Tony Heller/ Steve Goddard is still wrong, nine years later.


  6. In the intervening several years, has it dawned on many hydrology groups that what is needed is a continental program to divert seasonal runoff into constructed wetlands, so we no longer just let water out to the oceans without it topping up all the water needs on the land first?

    W full bore wetlands program would enable water to be purified before it is canaled and water-pipelined to areas where there is a shortage. It would prevent flooding of plains and urban areas with deluges of spring meltwater, and would – if managed according to the vision for 2030 under the 17 SDGs, it could enable afforestation in barren, un-fertile areas, so we could begin to get serious about the GHG surplus, creating erosion of ice sheets. Your thoughts on this concept are welcomed.

    Liked by 1 person

  7. Ed Darrell says:

    “Goddard”/Heller is still wrong. Imagine that.

    Liked by 1 person

  8. […] Lake Powell drought ended? Don’t trust the warming denialist’s projections (Millard Fillmore’s Bathtub) […]

    Liked by 1 person

  9. […] Steve Goddard’s blog — this is the same guy who said the western drought was over because Lake Powell rose a few feet, though the drought raged on everywhere else — Goddard […]

    Liked by 1 person

  10. […] Steve Goddard’s blog — this is the same guy who said the western drought was over because Lake Powell rose a few feet, though the drought raged on everywhere else — Goddard […]

    Liked by 1 person

  11. Ed Darrell says:

    I haven’t found the link James Hanley tried to put in to his post, but I did find this story in the Windsor Star on difficulties of Lake Superior’s having only 88% of average water, in January.

    Here’s the home page of the International Upper Great Lakes Study (IUGLS):
    Army Corps of Engineers, Detroit Station, Great Lakes Water Levels:

    Liked by 1 person

  12. Ed Darrell says:

    Lake silting is a problem in reservoirs on the Colorado River, but it is not the problem we’re discussing here. In silting and lake eutrophication, the level of the lake often remains the same. At Powell — and at Flaming Gorge and Lake Mead — the lake levels are dropping, by hundreds of feet.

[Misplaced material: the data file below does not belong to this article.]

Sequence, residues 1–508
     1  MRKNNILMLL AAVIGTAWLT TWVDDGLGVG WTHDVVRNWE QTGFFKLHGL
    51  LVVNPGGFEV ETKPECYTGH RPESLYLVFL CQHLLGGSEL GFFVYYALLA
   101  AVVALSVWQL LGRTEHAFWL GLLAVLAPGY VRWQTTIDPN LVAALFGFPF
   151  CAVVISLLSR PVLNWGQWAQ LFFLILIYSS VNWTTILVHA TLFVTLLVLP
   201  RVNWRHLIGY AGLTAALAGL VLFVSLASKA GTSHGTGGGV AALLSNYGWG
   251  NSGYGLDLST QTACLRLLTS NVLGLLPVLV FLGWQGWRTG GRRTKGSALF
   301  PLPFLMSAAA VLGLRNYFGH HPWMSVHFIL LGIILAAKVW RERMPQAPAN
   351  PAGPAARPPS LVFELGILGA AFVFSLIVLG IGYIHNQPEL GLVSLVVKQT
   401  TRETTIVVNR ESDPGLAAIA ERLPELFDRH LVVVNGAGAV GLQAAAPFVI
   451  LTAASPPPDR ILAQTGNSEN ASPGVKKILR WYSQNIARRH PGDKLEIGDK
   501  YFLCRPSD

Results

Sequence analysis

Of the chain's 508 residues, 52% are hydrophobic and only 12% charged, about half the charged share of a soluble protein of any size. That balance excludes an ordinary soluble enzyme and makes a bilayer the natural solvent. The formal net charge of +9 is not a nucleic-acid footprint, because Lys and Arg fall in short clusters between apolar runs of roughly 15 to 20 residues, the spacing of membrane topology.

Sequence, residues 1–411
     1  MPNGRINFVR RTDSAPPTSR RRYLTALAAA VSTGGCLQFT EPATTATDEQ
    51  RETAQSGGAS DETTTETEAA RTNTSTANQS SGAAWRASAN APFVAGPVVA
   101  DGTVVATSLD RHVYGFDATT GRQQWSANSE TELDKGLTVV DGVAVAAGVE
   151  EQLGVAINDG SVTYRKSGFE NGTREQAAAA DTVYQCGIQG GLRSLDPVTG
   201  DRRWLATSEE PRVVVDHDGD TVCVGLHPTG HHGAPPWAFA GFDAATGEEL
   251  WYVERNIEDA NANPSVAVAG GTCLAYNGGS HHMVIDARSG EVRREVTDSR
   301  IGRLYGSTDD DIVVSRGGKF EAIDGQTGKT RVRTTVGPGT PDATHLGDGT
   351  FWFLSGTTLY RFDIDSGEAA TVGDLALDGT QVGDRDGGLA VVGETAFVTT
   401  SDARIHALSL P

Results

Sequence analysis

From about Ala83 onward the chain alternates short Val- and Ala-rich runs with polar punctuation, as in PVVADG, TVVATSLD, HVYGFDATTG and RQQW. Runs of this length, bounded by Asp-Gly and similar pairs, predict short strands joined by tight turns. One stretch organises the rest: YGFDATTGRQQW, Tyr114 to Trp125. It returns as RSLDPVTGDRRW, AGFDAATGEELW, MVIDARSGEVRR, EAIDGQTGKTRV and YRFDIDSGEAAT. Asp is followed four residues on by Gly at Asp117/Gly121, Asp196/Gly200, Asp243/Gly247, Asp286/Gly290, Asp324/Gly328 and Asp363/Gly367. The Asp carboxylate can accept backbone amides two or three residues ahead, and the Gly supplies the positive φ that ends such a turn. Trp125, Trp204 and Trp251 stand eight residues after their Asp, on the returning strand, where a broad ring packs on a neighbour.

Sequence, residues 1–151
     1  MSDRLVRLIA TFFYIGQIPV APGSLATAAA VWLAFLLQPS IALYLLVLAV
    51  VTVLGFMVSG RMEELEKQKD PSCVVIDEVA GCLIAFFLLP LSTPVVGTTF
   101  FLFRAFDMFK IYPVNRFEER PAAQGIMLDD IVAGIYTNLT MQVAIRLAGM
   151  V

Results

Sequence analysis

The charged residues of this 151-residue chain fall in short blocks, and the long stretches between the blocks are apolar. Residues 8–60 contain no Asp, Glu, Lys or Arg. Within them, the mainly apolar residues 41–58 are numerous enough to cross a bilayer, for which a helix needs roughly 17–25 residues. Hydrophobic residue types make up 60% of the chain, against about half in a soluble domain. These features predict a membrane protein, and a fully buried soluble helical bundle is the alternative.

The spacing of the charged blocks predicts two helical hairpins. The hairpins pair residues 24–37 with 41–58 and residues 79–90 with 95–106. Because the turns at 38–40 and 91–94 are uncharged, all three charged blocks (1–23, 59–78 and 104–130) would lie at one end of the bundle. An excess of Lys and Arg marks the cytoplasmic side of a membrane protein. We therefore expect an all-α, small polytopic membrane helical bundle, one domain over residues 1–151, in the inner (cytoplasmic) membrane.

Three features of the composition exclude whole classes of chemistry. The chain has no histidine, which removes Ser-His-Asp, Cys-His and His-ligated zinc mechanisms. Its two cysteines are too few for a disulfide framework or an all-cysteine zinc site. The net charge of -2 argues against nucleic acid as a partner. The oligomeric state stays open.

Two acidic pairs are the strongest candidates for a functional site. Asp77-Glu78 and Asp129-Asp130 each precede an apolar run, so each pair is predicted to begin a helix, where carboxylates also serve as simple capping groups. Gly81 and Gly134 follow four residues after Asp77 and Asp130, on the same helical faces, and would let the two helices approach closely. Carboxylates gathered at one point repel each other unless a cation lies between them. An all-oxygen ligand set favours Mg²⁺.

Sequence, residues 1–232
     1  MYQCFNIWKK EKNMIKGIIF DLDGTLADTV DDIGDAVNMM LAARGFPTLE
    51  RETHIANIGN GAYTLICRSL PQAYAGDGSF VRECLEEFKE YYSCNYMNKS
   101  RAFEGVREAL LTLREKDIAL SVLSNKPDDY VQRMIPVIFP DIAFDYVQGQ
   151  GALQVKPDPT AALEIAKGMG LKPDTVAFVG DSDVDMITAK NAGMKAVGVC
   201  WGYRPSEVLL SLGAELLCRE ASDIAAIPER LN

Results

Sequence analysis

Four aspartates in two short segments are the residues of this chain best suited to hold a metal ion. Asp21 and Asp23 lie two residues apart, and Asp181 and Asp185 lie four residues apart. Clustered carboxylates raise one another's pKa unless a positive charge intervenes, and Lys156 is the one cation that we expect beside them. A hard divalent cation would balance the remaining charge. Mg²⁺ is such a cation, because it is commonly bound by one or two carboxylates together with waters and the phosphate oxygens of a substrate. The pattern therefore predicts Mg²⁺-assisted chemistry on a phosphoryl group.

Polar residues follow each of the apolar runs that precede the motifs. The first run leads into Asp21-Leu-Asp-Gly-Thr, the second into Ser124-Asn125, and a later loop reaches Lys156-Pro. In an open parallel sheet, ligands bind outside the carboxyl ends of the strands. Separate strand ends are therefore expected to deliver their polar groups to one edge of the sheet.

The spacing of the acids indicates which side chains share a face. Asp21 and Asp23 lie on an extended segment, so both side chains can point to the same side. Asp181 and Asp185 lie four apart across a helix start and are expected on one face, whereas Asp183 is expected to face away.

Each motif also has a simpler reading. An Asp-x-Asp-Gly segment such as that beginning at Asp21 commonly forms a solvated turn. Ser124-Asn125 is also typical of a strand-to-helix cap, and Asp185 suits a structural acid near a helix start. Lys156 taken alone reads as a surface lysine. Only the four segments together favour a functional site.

Generally, even in the reservoirs along the Colorado, there is too much and too rapid streamflow for eutrophication to occur. Generally you need a shallow lake for eutrophication, and these are not shallow lakes.

    Liked by 1 person

  13. Stephen Klaber says:

    WEEDS! SILT! These are the causes of lake decline worldwide. Lake decline is critical in the droughts. Many areas that once had daily “lake effect” rains are now dry. The silt that weeds produce will clog the lake bed and block access to the groundwater. The groundwater dries up, as does the lake. The grasslands and the deserts expand. In Lake Victoria, the problem is water hyacinth. In Lake Chad and Lake Jipe, it is Typha (cattails). They are all biomass, waiting to be biofuel. Some of it is fit for human consumption(there IS a problem). The silt is topsoil, waiting to be used to replace eroded soils or repair desertified soil. Here in the USA, part of our dustbowl is cattail sloughs that ought to be lakes.

    Liked by 1 person

  14. jd2718 says:

    James, your link’s empty.


  15. jd2718 says:

    I was reading something last week, can’t find it, about a summer renting place going out of business – piers ended over mud, water slides end over dry ground. But I googled and there’s lots, including this:

    there’s also lots saying everything’s ok. But why would they need to say it, right?

    Liked by 1 person

  16. James Hanley says:

    It’s not a total answer to my comment, but here’s a summary draft report from the International Joint Commission on water level changes in the upper Great Lakes.

    Liked by 2 people

  17. James Hanley says:

    I can’t claim to be an expert, so take this with a grain of salt, but I think scientists who study the Great Lakes have been determining in recent years that there’s a greater variation over time than they once thought. So I’m somewhat skeptical about throwing Lake Superior into that mix about decline (for any reason, not just global warming)–at least yet. If I can, I’ll try to find something more authoritative than my “I think I heard” statement. Or perhaps someone will provide something authoritative to counter my tentative statement here.


  18. Ed Darrell says:

    That’s a good point — lake decline is worldwide. Overuse turned it into the Aral Desert, but the climate change hasn’t helped. Chad, I think, can be largely attributed to climate change; and Superior, definitely.

    Thanks for the reminder.


  19. jd2718 says:

    And Lake Mead. And Lake Chad. And Lake Superior. Superior! Aral Sea. Lakes across China. And the African lake region. Some are due to human use/overuse. But that’s a lot of big lakes getting smaller…